Updated: May 11, 2020
As the first post in my "Gather 'Round the Fable" series, I decided to wade into murky waters with the sad story of Arachne from Greco-Roman mythology. It certainly isn't one of the better known stories, but I find the lesson it teaches intriguing (and frankly, more than a little depressing).
The story goes that Arachne, who was known for her excellent weaving skills, was a bit too proud of her skills, by declaring herself equal in skill to the gods. This didn't go well with Minerva, goddess of handicrafts and wisdom (or Athena, the Greek equivalent goddess), and the goddess challenged Arachne to a contest to see who really had the better skills. When Minerva inspected Arachne's work and found it to indeed be flawless (and of a subject matter that showed how the gods had treated mortals badly), she beat the girl mercilessly. Arachne, in her shame, decided to hang herself. Here is where the story gets weird - out of pity, Arachne is transformed into a spider, allowed to weave (along with her descendants) ever after.
So the morals of this little tale, at least for me, are as follows: First and foremost - don't put yourself above your betters (the Gods). If you do, be prepared to be called out. If you have the temerity to win that battle, there will be consequences. And finally, when they have taken it all away from you, they will give you something back as a gesture of mercy - perhaps something even worse.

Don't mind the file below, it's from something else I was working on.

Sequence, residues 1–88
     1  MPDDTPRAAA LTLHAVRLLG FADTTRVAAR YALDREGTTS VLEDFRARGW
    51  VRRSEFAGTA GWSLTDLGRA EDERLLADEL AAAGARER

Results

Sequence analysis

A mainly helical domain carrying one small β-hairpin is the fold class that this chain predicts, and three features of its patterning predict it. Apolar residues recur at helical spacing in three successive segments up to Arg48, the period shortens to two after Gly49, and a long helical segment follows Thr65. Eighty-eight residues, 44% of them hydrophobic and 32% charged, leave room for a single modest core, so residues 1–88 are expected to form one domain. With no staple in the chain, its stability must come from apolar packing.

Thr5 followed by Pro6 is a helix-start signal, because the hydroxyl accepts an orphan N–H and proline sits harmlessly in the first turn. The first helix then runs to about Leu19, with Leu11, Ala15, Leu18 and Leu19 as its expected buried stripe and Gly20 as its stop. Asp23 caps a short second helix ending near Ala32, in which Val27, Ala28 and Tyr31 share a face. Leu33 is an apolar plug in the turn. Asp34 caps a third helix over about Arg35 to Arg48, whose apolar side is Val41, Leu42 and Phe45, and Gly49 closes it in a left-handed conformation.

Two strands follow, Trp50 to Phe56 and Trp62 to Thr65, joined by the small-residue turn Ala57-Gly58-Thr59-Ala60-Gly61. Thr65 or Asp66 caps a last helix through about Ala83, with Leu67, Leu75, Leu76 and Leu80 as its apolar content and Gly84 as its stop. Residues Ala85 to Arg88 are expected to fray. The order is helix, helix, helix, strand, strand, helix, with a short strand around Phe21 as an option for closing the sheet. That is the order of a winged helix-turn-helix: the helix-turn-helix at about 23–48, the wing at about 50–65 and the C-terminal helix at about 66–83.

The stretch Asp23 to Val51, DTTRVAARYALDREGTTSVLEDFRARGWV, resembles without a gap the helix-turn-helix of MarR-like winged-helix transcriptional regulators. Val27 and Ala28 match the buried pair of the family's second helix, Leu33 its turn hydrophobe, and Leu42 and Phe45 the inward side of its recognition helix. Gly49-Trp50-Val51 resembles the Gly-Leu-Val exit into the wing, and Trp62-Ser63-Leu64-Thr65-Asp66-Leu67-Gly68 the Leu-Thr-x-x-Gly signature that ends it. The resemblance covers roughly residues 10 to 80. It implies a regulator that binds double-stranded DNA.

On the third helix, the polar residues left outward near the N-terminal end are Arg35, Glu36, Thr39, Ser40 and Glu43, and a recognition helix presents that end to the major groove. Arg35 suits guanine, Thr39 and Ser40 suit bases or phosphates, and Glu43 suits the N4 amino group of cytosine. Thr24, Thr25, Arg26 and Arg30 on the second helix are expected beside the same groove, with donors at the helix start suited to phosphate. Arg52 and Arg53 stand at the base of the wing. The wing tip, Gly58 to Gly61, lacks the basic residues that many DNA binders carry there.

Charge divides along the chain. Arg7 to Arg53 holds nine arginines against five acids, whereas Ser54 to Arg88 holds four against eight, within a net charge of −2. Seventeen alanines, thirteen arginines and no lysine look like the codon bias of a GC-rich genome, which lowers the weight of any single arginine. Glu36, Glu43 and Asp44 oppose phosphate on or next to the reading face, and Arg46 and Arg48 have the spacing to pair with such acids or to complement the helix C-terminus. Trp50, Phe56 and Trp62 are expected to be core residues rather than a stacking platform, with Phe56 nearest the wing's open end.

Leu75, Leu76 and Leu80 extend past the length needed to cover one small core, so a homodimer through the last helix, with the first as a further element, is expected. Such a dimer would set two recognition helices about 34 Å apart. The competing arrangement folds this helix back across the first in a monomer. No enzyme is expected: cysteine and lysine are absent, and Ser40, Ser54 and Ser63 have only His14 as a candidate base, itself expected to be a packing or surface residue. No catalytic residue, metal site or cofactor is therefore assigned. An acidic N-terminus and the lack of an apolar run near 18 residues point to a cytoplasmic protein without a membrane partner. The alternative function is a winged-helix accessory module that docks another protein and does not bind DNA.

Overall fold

Well, that's a touch dark, wouldn't you say? Where's the inspiration then - to strive to be one's best, to attempt to better even masterpieces? Arachne's tale would have you think such goals are a Very Bad Idea. I think this is an example of a myth that was created to reinforce societal goals and to keep creative people in line. Those in power often fear those who wield a voice for change.
What better way to keep control over those who would attempt to rise, than to remind them what happens when they actually succeed.
Arachne as a character has appeared in various art media; the painter, Velazquez, found inspiration in the tale, as have other painters. She's made appearances in pop culture too - the TV show Supernatural, the Hercules series, in Marvel comics and the Percy Jackson series. She's popped up in poems as well, since her first appearance in the work of the Roman poet, Ovid. What I haven't found (and correct me please, if I have missed it), is a story where she takes centerstage and the author explores her bragging, her skill, her fall and ultimate
transformation. I'd say Arachne is due a little literary love right now because in a time where speaking truth to power is as important as it has ever been, this is a myth that could really resonate and be expanded into more about Arachne's second act.